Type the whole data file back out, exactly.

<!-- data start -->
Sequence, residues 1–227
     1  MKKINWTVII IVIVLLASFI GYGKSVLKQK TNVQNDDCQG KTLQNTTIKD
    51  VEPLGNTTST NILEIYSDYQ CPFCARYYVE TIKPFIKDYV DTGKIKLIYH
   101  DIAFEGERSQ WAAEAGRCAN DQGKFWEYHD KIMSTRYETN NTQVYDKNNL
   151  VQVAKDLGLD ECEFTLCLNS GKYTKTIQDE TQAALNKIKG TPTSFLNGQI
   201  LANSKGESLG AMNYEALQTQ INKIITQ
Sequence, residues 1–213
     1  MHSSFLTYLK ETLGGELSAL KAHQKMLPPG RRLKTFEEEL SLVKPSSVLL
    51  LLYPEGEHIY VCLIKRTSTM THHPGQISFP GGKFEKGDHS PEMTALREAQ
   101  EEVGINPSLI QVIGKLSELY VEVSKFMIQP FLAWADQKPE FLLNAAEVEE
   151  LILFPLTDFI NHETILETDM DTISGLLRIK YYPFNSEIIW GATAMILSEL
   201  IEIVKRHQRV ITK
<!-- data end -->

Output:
Sequence, residues 1–227
     1  MKKINWTVII IVIVLLASFI GYGKSVLKQK TNVQNDDCQG KTLQNTTIKD
    51  VEPLGNTTST NILEIYSDYQ CPFCARYYVE TIKPFIKDYV DTGKIKLIYH
   101  DIAFEGERSQ WAAEAGRCAN DQGKFWEYHD KIMSTRYETN NTQVYDKNNL
   151  VQVAKDLGLD ECEFTLCLNS GKYTKTIQDE TQAALNKIKG TPTSFLNGQI
   201  LANSKGESLG AMNYEALQTQ INKIITQ
Sequence, residues 1–213
     1  MHSSFLTYLK ETLGGELSAL KAHQKMLPPG RRLKTFEEEL SLVKPSSVLL
    51  LLYPEGEHIY VCLIKRTSTM THHPGQISFP GGKFEKGDHS PEMTALREAQ
   101  EEVGINPSLI QVIGKLSELY VEVSKFMIQP FLAWADQKPE FLLNAAEVEE
   151  LILFPLTDFI NHETILETDM DTISGLLRIK YYPFNSEIIW GATAMILSEL
   201  IEIVKRHQRV ITK